In the spirit of Sesame Street, one of these things is not like the other:
        A. Slavery
        B. Indentured Servitude
        C. A Denny’s in Alabama not being able to refuse to serve pancakes to Black folks

      • CaptSternn says:

        Involuntary servitude, HT. Can you understand it? You certainly do everything you can to avoid the subject. You can’t even spell it properly.

      • Houston-stay-at-Homer says:

        Yes Stern…let us critique spelling and word choice.

        Hey buddy, let that libertarian freak flag fly and start ranting about forced schooling for seven year olds, the draft, and jury duty. Heck, we can probably even lump in alimony into the evils of involuntary surfing-tude.

        I might note that your typical rant includes “freedom is slavery, slavery is freedom”, you might want to revise that.

    • bubbabobcat says:

      Willfully missed the point again.

      Just shocked, absolutely shocked….

  7. CaptSternn says:

    Speaking of oil prices, and maybe fuel prices, maybe sort of on and also off topic, what is the deal with diesel prices? Some years ago diesel prices were lower than regular gasoline, now it is higher than premium gasoline in some places. I see the price of diesel anywhere from $3.09 to $3.99. Gasoline prices vary, but not by that much. Any ideas?

    • Turtles Run says:

      I do not deal with blends or retail level trading but from a quick search I found. Local prices are literally set by the downstream retail groups for fuel stations. The operators of these stations have no or little voice in the setting of prices. Diesel is more of an international fuel for autos and in the winter months must also compete with heating oil in the north (dang Yankees) so the issue with price is more of a component of supply constraints..


      • johngalt says:

        I’ll take your word for it, on retail pricing, but I’ve been surprised at how much local variation there is. There is a Shell at Holcombe and Kirby that is consistently 15-20 cents more expensive than the Shell at Holcombe and Greenbriar, less than a half-mile away. How does that happen? The Kroger on South Main undercuts everyone, even before the loyalty card discounts.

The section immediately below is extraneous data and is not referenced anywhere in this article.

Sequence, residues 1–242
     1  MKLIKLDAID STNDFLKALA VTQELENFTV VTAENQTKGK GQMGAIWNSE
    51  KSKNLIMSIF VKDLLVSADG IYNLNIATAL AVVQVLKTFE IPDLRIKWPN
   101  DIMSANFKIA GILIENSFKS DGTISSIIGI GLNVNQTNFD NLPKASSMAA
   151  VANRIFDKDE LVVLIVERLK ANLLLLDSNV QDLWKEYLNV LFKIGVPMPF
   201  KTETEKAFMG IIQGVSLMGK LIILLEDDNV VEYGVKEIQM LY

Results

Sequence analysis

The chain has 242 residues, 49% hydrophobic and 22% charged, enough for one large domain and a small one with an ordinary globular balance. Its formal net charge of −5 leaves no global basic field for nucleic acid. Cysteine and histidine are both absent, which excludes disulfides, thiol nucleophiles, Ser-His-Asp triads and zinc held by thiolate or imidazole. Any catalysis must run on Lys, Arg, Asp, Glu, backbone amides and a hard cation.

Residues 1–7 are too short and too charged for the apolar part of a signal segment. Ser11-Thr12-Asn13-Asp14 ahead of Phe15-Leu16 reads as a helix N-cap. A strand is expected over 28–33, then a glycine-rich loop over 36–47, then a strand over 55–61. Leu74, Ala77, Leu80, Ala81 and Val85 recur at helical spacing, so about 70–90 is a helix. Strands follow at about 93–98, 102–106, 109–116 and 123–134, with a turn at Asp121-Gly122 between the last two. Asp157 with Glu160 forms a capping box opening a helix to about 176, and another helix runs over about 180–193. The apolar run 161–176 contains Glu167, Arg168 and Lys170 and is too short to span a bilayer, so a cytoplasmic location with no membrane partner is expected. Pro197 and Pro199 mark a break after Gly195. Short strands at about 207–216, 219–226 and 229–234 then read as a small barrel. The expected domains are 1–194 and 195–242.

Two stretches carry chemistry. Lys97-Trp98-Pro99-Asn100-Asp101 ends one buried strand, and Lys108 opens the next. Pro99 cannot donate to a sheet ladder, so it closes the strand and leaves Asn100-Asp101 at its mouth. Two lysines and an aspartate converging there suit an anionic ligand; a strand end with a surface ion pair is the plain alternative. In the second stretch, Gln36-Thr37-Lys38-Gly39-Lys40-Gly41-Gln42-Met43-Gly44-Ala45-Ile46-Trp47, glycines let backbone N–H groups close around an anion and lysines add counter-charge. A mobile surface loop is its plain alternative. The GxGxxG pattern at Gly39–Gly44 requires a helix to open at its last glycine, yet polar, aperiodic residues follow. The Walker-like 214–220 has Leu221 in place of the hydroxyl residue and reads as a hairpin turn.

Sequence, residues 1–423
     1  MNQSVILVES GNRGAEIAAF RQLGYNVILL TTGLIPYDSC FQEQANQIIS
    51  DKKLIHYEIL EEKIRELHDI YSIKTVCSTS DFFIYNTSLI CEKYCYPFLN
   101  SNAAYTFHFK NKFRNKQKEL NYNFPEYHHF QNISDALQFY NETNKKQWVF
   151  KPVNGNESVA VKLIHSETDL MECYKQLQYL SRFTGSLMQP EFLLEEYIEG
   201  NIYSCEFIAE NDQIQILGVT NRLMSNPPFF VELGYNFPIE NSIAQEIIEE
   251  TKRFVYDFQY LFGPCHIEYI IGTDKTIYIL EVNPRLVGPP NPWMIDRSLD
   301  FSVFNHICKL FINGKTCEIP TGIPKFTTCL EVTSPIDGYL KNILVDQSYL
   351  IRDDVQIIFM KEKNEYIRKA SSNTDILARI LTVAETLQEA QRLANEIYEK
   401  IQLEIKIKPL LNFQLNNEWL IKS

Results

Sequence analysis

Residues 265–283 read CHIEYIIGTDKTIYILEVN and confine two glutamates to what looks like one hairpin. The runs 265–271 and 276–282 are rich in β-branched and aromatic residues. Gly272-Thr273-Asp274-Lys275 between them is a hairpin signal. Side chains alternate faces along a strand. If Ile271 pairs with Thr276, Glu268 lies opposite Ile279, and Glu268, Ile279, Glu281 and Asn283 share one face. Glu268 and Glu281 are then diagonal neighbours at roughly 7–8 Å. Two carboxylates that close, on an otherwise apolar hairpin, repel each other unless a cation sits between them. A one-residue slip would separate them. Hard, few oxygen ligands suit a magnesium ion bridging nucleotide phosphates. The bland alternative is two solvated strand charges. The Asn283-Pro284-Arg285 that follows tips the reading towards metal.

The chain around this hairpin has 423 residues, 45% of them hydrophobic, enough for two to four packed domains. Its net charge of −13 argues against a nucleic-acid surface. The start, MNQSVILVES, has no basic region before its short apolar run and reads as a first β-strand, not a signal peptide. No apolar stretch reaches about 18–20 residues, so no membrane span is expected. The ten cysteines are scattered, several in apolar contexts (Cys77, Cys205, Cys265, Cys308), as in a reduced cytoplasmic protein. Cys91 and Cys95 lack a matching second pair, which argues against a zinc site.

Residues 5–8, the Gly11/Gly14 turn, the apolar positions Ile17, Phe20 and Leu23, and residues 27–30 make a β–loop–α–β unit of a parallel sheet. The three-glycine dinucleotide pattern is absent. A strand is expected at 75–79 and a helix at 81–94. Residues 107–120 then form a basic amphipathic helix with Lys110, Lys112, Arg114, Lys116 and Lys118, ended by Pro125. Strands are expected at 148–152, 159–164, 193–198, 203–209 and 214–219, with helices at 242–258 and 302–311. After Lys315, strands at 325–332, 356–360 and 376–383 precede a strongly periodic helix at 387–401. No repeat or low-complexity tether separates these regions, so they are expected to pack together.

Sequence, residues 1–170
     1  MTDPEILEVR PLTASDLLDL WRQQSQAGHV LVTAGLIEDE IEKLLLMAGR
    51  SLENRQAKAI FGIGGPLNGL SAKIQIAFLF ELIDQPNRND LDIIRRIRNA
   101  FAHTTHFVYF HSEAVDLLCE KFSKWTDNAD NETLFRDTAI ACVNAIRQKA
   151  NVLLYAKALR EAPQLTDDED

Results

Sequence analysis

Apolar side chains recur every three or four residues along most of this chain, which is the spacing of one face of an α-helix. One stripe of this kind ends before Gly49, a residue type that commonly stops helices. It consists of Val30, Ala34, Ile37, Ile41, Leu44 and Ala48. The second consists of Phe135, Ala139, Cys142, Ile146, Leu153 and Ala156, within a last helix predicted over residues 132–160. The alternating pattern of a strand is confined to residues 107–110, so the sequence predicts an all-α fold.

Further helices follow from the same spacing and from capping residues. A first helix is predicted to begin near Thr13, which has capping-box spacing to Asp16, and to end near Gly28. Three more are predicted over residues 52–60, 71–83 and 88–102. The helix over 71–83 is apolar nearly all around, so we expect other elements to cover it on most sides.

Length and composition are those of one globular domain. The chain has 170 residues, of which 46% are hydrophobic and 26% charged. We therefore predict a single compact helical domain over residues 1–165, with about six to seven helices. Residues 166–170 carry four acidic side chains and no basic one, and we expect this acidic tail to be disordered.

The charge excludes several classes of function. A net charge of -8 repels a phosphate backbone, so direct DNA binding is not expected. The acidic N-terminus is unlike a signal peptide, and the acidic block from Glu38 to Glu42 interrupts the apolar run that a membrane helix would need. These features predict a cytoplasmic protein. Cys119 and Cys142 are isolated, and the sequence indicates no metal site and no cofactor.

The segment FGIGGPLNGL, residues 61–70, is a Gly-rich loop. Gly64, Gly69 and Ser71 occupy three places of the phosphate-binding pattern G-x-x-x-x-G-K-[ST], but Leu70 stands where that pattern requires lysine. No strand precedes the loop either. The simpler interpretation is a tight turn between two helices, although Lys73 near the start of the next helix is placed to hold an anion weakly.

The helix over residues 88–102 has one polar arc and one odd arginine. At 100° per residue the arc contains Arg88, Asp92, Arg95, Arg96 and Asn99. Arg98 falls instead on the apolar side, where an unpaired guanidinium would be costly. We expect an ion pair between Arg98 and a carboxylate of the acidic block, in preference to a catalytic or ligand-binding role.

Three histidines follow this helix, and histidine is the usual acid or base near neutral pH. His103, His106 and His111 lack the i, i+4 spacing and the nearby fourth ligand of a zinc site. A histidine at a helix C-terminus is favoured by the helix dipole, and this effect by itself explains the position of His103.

• Turtles Run says:

        JG – There really is no logic I can understand. The stuff comes from the same refineries so how Shell, BP, and others set the local prices is a mystery other than – that is the price people will pay in that area. The gas prices on Washington Avenue are obscene. I fill up at my local Sam’s Club because the price is generally lower especially on Super Unleaded.

        I worked at Shell for years and when I asked the very same question the answer wass that local operators do not set prices. They are contacted daily on the price point.

      • CaptSternn says:

        Some stations are owned by the company and the company sets the price. Others are franchises and the owners have more independence.

        Turtles, I didn’t consider the heating oil issue, but then diesel has come down from the summer prices. I forgot that diesel is more popular in the rest of the world than it is here. But I guess the real point you have is that fuel will be priced based on what people in that area will pay. the $3.99 per gallon in close to River Oaks, the $3.19 per gallon price is usually found in small rural towns away from the interstates. I am not sure about that one place that was priced at $3.09 per gallon. Probably can’t move diesel, which means it is old stuff they can’t get rid of. Think I will pass on that one.

        Owning a diesel makes me more aware of those prices and what they do to the trucking industry. Diesel prices at truck stops along the interstates are some of the highest, almost as high as that place near River Oaks. The lower prices tend to be at stations that an 18-wheeler could never fit.